neddyfonk Established commenter

    You're IT. Abandon hope and do nothing to upset anyone. Probably best to hide in a cupboard and pray T.M. does not find you.
     
    phlogiston likes this.
  9. captain scarlet

    captain scarlet Established commenter

    GET RID OF IR35 FOR SUPPLY TEACHERS
     
  10. Rott Weiler

    Rott Weiler Star commenter Forum guide


    Agreed - and welcome back @snowyhead, seems like a long time since you were last here :)
     
  11. phlogiston

    phlogiston Star commenter

    Go and spend some serious time in ordinary middle of the road schools, talking to children, classroom teachers, site staff, TAs as well as heads. Find out the hopes and fears, the worries and the triumphs.
    Visit schools covering all ages. Do not pick the showcase free school still spending its extra funding, but find an RI school that nobody loves no matter how much blood sweat and tears are expended by the staff.

    Then there are the nine points in the article. They all need sorting, but you need to be straight with us and actually talk to us like adults if you can't sort them.

    Finally, take it as your starting point that most people working in schools want to do their best, and do something to support them. Administrative structures matter little unless they get in the way of teaching and learning. Changing administrative structures just tells us that you want to mess things up and probably make them less fair.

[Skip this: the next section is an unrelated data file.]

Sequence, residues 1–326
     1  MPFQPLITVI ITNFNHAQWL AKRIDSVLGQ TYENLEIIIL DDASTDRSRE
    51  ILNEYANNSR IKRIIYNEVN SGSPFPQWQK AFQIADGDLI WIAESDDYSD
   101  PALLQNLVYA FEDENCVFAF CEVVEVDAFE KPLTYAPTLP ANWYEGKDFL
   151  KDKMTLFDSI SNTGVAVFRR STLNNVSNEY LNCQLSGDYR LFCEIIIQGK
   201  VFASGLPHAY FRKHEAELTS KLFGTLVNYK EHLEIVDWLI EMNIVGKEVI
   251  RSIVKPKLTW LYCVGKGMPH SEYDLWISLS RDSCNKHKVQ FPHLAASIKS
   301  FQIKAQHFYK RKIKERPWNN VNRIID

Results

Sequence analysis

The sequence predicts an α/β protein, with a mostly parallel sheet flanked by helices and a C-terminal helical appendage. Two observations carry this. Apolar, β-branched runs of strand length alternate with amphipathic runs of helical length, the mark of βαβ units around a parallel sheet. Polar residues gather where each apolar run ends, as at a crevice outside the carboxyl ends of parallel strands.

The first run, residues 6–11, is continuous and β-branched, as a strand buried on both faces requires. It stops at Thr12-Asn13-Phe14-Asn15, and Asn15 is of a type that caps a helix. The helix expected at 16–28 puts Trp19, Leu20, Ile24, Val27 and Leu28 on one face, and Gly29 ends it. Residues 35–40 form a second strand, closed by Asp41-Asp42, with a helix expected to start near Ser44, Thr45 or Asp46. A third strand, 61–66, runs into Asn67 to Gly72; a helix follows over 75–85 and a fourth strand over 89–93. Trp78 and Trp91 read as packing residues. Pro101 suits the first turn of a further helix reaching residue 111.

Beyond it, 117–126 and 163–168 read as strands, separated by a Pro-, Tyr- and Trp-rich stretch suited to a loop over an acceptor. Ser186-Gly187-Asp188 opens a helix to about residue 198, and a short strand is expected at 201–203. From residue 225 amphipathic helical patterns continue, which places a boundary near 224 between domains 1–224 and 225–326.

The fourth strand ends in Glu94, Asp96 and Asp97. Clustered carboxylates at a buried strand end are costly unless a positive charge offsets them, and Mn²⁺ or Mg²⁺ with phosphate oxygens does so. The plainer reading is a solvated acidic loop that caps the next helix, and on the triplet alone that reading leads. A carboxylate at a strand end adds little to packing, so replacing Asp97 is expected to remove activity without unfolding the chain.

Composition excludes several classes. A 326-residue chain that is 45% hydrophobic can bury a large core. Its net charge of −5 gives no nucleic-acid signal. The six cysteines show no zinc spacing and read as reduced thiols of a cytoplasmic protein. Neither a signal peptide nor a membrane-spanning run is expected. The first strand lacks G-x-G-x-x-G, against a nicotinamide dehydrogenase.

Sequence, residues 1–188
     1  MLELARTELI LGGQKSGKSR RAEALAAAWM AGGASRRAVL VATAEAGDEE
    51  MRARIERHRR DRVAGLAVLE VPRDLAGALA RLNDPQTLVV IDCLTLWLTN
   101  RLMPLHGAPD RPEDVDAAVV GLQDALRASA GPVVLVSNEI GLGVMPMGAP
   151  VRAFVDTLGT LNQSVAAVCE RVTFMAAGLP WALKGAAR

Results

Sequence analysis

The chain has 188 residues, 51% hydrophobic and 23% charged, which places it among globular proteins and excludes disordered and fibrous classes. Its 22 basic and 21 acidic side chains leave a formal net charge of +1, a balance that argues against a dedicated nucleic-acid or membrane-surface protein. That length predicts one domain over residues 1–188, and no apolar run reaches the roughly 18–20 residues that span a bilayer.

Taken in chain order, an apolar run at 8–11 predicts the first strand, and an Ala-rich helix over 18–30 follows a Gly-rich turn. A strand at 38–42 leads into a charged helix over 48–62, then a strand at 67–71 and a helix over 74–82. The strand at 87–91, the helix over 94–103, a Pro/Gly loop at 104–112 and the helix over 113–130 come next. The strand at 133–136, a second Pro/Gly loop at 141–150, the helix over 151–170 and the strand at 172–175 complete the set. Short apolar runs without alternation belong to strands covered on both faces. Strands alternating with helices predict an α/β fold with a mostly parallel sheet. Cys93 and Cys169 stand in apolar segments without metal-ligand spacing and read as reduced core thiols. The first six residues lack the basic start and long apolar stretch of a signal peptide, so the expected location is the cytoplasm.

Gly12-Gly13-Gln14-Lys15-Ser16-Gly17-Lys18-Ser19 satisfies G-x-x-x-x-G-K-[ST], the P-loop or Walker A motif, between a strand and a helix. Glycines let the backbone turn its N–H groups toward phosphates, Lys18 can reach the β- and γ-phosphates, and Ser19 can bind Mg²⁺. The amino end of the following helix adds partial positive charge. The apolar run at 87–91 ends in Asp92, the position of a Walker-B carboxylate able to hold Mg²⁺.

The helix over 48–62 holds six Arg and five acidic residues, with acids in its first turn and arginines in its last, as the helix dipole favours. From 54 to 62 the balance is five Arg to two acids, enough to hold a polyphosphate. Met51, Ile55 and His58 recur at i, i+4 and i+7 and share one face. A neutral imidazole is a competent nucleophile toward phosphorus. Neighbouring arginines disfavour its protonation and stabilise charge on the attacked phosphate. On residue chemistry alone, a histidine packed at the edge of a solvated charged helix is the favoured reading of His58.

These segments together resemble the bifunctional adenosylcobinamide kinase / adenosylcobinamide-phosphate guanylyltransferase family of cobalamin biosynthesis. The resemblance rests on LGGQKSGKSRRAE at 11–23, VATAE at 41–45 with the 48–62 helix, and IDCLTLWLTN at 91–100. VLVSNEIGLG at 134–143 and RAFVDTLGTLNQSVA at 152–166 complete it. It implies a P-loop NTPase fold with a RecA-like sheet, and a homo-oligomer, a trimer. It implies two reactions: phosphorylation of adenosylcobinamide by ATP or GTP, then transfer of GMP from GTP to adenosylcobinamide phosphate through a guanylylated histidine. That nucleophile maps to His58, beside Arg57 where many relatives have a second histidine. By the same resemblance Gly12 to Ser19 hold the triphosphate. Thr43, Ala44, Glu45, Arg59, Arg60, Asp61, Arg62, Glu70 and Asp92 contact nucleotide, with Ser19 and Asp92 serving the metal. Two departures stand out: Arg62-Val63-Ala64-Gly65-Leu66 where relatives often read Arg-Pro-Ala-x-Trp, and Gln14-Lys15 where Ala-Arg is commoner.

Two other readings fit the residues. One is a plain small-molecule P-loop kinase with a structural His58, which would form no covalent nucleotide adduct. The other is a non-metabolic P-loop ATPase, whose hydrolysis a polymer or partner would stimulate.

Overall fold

The curriculum is still settling down after the reforms of the early part of the decade. Unless something is obviously not working (computing GCSE NEA?) let it settle down and support the people trying to make the dogmatic changes work for as many pupils as possible.

    We have arrived at a time when a significant number of teachers are fed up with misinformation, obfuscation and sometimes downright lies, while your party changes things to benefit the lucky few. I do not believe that yours is a party for the many, or that you care about the strugglers and I will continue to believe this until I see a rise in FSM kids going to Oxbridge, a fall in the number of teachers and children with serious mental health issues and a curriculum fit for those with learning difficulties as well as those who learn easily.
     
    TCSC47, Rachelmbx and JohnJCazorla like this.
  12. Tartuffe

    Tartuffe Occasional commenter

    Take Education out of political control, a bit like the Bank of England was given autonomy over interest rates etc. Establish a board to manage schools made up of 1/4 serving teachers with at least 10 years classroom experience seconded for a minimum of 3 years, 1/4 Higher Education education experts, 1/4 Business leaders of companies with a good record in training and development, 1/4 others including student representatives, local authority leaders etc.